MANILA, Philippines - The Philippines is shoring up its presence in the West Philippine Sea with President Duterte ordering the military to occupy at least nine islands under the country’s control to make a “strong point” as he announced plans to celebrate Independence Day on one of them.
“We tried to be friends with everybody but we have to maintain our jurisdiction now, at least the areas under our control. And I have ordered the Armed Forces to occupy all – these so many islands, I think nine or 10 – build structures and place the Philippine flag,” Duterte told reporters in Palawan yesterday.
“In the coming Independence Day, I might, I may go to Pag-asa Island to raise the flag there,” he said.
“Mukhang agawan kasi ito ng isla eh (There seems to be a scramble for islands). And what’s ours now at least kunin na natin (we should claim) and make a strong point there that it is ours,” he added.
The Philippines controls nine islets in the disputed Spratlys region, the largest of which is Pag-asa, an area under Palawan’s fifth class town of Kalayaan. Other Philippine-occupied islets and land features in Spratlys are Ayungin Shoal, Lawak Island, Parola Island, Patag Island, Kota Island, Rizal Reef, Likas Island and Panata Island.
These areas are also being claimed by China, which claims to have historic rights over about 90 percent of the South China Sea, a busy sea lane through which about 80 percent of world trade passes. Malaysia, Vietnam, Brunei and Taiwan also have overlapping claims.
Last year, an arbitral tribunal based in The Hague ruled in favor of the Philippines and invalidated China’s expansive claim. China said it does not recognize the ruling.
Duterte had said he was ready to temporarily set aside the arbitral ruling and focus on improving ties with China.
The President, who has been accused of being too cozy with China, said the Philippines would assert its ownership over the areas it controls.
“We have to fortify. I must build bunkers there or houses and make provisions for habitation,” Duterte said.
Duterte also vowed to support improvements and repairs of the runway on Pag-asa.
“The money is there. I don’t know how the – the Army or the engineering battalion would do it. But that development there has my full support,” he said.
Asked about his plans for the BRP Sierra Madre, the rusty ship that serves as outpost for a handful of Marines at Ayungin Shoal, Duterte said in jest that he would replace it with a cruise ship.
“I will replace it with a luxury liner. There will be waiters, food, swimming pool so that the soldiers stationed there would get fat,” the President said.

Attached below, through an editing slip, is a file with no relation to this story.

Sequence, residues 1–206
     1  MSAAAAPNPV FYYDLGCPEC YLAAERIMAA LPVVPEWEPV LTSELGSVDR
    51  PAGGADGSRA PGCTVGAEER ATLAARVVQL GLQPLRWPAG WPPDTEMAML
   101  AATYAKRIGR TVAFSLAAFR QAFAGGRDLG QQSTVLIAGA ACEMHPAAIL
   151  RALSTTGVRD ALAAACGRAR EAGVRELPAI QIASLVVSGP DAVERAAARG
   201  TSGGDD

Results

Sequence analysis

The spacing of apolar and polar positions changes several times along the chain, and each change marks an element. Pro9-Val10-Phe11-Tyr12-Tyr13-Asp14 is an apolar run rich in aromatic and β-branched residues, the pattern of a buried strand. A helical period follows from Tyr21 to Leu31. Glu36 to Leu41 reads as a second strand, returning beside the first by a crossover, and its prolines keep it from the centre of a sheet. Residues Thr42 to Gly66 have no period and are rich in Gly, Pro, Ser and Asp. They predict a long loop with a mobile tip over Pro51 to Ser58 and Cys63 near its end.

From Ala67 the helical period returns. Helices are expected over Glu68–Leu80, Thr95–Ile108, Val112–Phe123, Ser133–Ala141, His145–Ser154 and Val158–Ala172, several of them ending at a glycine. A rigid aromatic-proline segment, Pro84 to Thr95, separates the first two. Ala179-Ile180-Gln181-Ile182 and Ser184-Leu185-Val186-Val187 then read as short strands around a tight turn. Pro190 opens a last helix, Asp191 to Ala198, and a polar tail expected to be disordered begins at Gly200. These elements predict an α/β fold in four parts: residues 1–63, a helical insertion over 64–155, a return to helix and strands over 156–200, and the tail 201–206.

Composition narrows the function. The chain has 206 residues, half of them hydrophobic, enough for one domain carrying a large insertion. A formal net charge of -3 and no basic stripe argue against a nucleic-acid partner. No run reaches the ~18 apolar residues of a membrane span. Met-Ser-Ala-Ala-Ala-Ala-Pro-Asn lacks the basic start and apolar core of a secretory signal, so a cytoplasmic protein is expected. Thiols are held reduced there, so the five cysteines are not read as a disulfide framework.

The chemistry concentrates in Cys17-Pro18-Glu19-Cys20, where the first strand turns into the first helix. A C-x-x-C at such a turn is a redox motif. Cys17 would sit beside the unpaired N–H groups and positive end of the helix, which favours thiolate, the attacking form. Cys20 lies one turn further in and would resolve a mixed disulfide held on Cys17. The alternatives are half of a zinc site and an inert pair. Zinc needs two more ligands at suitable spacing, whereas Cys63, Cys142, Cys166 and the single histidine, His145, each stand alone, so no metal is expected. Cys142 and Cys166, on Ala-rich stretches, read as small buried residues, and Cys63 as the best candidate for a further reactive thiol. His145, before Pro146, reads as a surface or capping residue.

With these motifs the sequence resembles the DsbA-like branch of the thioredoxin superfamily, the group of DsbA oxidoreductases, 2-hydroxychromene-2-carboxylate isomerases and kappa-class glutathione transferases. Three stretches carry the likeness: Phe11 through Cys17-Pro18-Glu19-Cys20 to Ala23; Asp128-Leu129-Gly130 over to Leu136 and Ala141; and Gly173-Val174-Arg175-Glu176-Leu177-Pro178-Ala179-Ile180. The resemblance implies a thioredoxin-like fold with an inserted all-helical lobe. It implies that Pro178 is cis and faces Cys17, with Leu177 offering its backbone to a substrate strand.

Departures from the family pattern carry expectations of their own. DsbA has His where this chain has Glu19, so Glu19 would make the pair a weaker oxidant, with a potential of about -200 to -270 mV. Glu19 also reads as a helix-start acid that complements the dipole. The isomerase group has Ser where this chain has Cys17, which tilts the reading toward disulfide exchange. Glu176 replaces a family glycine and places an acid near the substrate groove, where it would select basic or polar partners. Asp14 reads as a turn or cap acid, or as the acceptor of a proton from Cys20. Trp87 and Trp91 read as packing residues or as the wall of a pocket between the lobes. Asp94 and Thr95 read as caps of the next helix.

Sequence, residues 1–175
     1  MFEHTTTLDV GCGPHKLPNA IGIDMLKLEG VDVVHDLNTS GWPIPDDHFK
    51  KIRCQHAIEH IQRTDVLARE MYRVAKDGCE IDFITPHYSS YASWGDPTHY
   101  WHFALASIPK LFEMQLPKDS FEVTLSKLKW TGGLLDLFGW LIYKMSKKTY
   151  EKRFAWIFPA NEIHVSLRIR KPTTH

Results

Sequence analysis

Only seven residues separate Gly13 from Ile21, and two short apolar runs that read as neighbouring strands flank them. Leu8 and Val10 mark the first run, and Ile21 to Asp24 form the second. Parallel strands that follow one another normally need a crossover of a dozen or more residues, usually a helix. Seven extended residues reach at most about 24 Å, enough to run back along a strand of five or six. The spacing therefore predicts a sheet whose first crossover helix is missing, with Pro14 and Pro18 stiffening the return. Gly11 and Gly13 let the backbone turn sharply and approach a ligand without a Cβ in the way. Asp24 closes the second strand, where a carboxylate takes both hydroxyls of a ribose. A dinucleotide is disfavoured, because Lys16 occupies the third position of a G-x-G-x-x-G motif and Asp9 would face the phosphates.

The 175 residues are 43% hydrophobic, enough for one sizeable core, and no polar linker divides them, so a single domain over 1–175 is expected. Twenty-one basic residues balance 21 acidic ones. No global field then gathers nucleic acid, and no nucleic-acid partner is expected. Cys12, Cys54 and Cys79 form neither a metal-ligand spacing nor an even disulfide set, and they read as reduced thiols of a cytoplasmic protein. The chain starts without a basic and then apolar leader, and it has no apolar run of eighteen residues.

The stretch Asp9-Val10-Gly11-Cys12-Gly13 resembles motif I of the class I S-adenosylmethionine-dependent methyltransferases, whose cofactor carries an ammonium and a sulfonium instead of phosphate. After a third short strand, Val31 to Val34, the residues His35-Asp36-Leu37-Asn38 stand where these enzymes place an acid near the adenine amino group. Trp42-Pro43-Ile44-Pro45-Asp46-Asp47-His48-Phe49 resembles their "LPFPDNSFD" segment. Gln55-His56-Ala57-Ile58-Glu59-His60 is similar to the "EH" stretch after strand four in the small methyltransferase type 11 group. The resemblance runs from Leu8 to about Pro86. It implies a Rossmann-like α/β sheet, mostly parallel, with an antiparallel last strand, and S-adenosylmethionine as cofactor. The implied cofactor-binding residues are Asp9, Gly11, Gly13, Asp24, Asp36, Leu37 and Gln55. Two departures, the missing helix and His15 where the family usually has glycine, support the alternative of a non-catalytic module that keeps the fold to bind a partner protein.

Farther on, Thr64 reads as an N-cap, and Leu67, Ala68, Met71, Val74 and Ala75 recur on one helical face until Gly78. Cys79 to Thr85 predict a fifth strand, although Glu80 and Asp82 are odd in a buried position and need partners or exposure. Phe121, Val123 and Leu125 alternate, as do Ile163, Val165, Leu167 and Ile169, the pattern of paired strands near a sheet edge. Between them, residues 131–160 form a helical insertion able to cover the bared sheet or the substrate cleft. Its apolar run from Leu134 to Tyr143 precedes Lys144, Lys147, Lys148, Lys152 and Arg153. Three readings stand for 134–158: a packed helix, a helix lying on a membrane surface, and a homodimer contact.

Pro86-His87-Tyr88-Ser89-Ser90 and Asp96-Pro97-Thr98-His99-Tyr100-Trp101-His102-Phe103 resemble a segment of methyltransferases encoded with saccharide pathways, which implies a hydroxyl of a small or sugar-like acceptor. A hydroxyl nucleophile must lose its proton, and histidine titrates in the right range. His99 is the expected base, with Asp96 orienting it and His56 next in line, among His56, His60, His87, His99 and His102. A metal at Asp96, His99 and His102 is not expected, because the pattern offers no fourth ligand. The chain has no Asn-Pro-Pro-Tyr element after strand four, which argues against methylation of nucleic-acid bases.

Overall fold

He also said the country’s renewed effort to assert its sovereignty over its territories also covers Benham Rise, which he wants renamed Philippine Ridge.
“I will officially claim it as ours and rename it. Not Benham Rise… I would call it the ‘Philippine Ridge’,” he pointed out.
“It’s like a ridge, the continental shelf is continuous down below. So might as well claim a ridge because it connects one ridge to another,” he said.
On orders from Duterte, the Department of Foreign Affairs and the Office of the Executive Secretary are now studying the possibility of renaming Benham Rise, to strengthen the country’s sovereign rights over the resource-rich undersea plateau.
Duterte was earlier caught off guard when asked by media about the recent Chinese presence in the area. He said he does not see any problem with the Chinese exercising freedom of navigation in Benham Rise, apparently confusing it with the South China Sea.
Duterte, however, changed his tune after being briefed by the defense and foreign affairs departments on the country’s rights over Benham.
The Philippine Coast Guard has started patrolling Benham Rise after three Chinese survey ships were spotted in the area from July to December last year. Duterte said earlier it was enough that Beijing had given assurance that it recognizes the Philippines’ rights over Benham Rise.
Despite Duterte’s clear order for the military to occupy islands under the country’s control, Defense Secretary Delfin Lorenzana clarified that what the President really wanted was better living conditions for soldiers deployed in the Kalayaan Island Group (KIG).
“We have nine islands in the KIG that are already in our possession since long ago, including Pag-asa. The President wants facilities built such as barracks for the men, water (desalination) and sewage disposal system, power generators (conventional and renewable), lighthouses and shelters for fishermen,” Lorenzana said.
“Perhaps the President was referring to our already occupied areas,” Brig. Gen. Restituto Padilla, AFP spokesman, said.
Pag-asa, the second biggest island in the region next to Taiwan’s Itu Aba, used to be a military garrison until the national government transformed it into a civilian community with 300 civilian residents, including children.
The island town is also next to a highly militarized Chinese artificial island built over Zamora (Subi) Reef.
The island has an elementary school, a police station, coast guard station, health center and a municipal building. However, the island’s Rancudo Airfield remains unpaved.
The island also now has a cell site, a desalination plant as well as generator plant, on top of a solar power facility.
– With Cecille Suerte Felipe, Jaime Laude, Evelyn Macairan